Bradley County Schools has returned an unused building on the Lake Forest Middle School campus to county government for demolition following action by the county school board in a recent …
Bradley County Schools has returned an unused building on the Lake Forest Middle School campus to county government for demolition following action by the county school board in a recent session.
Building 7 is the last of several old buildings on LFMS property left over since the construction of a new academic building. With one restructure reclaimed by the school’s wrestling team, the rest have either been demolished or scheduled for demolition by the Bradley County Commission at the school board's request.
Bradley County Schools originally asked county commissioners to demolish all of its remaining buildings at Lake Forest, including buildings 4, 7 and 8. The commission voted to take down buildings 4 and 8, but came back to the school board with Building 7, and the Building and Land Committee asked the school board to reconsider.
Commissioner Dennis Epperson said it’s "sad" taxpayer money is being used to take down a structure built just 44 years ago, adding Building 7 would cost $400,000 to $800,000 if constructed today.
"That is a really good building," Epperson said.
Committee chair Charlotte Peak estimated $80,000 to $100,000 "or more" to make necessary roof repairs to Building 7. Alternatively, she said demolition would cost the county $48,000.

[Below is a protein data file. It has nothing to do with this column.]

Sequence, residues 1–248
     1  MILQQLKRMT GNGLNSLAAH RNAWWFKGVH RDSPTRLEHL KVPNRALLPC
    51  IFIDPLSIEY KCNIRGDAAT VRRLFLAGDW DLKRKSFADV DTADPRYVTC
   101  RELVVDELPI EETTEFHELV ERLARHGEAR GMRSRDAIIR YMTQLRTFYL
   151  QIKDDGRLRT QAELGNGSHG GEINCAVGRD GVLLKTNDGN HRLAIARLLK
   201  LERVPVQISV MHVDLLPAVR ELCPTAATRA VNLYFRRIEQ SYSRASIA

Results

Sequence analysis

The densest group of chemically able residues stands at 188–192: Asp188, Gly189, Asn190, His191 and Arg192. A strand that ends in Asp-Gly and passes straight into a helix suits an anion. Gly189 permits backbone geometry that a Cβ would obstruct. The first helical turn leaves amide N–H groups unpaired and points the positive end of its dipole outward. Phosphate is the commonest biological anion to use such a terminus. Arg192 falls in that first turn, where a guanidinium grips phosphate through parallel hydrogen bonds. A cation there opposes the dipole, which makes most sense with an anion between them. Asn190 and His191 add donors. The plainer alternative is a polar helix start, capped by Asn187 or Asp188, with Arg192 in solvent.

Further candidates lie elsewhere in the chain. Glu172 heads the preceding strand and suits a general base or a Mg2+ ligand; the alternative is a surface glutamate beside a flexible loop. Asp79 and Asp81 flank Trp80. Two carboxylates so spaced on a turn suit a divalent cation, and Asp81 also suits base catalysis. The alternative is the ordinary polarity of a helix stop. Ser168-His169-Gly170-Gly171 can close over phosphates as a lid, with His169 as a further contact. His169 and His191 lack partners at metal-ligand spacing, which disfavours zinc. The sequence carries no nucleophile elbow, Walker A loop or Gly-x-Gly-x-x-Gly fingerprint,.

Vice Chairman Thomas Crye said it’s “an eyesore,” adding, “It's our own fault it's sitting out there.”
During a board session late last week, Director of Schools Dr. Linda Cash explained the estimated value of replacing the building and said the committee has asked that the board reconsider and revote on whether they would like it to be removed.
“This is a building we would not have kept if the county commission had not asked for it. It wouldn’t have been in our original request to have it removed,” Cash said. “Unless the board sees differently, I do not recommend at this time that the board maintain this building.”
Board Chairman Troy Weathers recalled that the commission had considered using the building for archives and record storage before it realized it wasn’t suitable for it.
“And I’m sure there were good reasons for that,” Weathers said. “I mean, if you remember, one of the worst problems we had at one of those buildings was mildew (and) moisture, constantly. I mean, for the last 20 years that I know for sure, there’s been lots of issues with the building. It's not a perfect building so to say it's — I don't know if I’d think it's worth $400,000 or $800,000, because it is not.”
District 7 board member Jerry Frazier commented that “to replace a building that size would be $400,000, but to use that one would probably cost $200,000 to get it back to where it could be usable.”
“And you’d still have problems,” Weathers added. “The only way to solve that problem is to knock it down.”
The board unanimously voted to return Building 7 to the county, determining it did not have a reasonable use for the facility without serious investment for repairs. If the commission votes to demolish it, it will be at the county’s expense.
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